“CMS’ easing of face-to-face rules in the early days of the public health emergency helped save lives when the pandemic hit,” Brent Korte, chief home care officer at EvergreenHealth Home Care, told HHCN in an email. “Allowing face-to-face virtual visits in all circumstances has streamlined access to home health care and prevented patients from staying in overcrowded hospitals.” It also helped increase access to home health care and greatly improved the timeliness of care. This helps reduce duplicate care and even unnecessary visits when patients need to make an in-person visit.
Although home health does not receive reimbursement for telehealth services, the public health emergency has created new flexibility for providers regarding HIPAA controls.
Tricia Chrisman, vice president and COO of CommonSpirit Health at Home, believes both patients and providers will experience the long-term effects if permanent changes are not implemented.
“Without permanent changes to Medicare coverage for telehealth services, most Medicare beneficiaries who do not live in rural areas will lose access to telehealth coverage,” she told HHCN. “Additionally, providing telehealth as an integrated and clinically appropriate part of the home patient’s care plan has helped reduce overall mileage and increase nursing capacity, offsetting some of the financial constraints of reduced volumes and, more recently, increasing reimbursement rates for mileage.”
Unfortunately for providers, legislative efforts surrounding the use of telehealth in home settings have failed.
Plus, home health stakeholders have largely shifted their focus to responding to the proposed payment rule and its potential impact on the industry, according to Kraft.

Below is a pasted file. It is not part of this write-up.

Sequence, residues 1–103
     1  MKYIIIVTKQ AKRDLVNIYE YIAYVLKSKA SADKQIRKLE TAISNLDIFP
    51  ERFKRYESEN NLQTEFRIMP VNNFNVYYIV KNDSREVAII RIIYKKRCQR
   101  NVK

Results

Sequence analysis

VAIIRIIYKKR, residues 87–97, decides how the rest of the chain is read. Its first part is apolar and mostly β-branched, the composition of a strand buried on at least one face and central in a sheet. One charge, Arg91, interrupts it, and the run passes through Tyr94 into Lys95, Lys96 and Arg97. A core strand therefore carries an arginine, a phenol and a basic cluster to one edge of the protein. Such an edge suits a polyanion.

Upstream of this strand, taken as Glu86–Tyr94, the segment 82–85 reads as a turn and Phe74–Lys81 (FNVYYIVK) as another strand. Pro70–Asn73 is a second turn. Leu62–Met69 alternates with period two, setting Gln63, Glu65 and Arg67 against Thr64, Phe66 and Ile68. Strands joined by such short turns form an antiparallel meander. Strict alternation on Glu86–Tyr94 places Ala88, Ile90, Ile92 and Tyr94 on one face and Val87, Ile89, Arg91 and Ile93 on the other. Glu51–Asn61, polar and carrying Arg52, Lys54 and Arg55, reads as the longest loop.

“There are people looking at the numbers who are concerned that the cut in payments as it is now could put a third of agencies in the red and put them in the red,” she said. “Whereas there used to be a lot of discussion about telehealth and legislation, I think right now the industry is more focused on this payment issue: ‘It doesn’t matter if I get reimbursed for telehealth if I’m out of work.’
One positive side of the proposed payment rule, however, is that it requires the use of G-codes for telehealth.
“It allows them to better track usage, and maybe in the future if they see that there’s telehealth usage, that could become part of a payment methodology down the road,” Kraft said.
Extension hospital at home
The end of PHE could also mean a major blow to providers offering higher precision services in the home environment.
In 2021, the US Centers for Medicare and Medicaid Services (CMS) introduced its Acute Hospital Care at Home Waiver Program. The introduction of this exemption allowed approved hospitals and health systems to provide hospital services at home and be reimbursed for the cost of providing care.
Currently, 107 systems and 242 hospitals in 36 states are authorized to provide hospital home services under the waiver program.
Previously, reimbursement was a major obstacle limiting the widespread adoption of the hospital-at-home model in the US
Even now, there is no permanent fee-for-service mechanism in Medicare to pay for hospital home care.
Wanting to continue the waiver program, lawmakers introduced the “Hospital Services Modernization Act” in March. The legislation would extend the exemption by two years.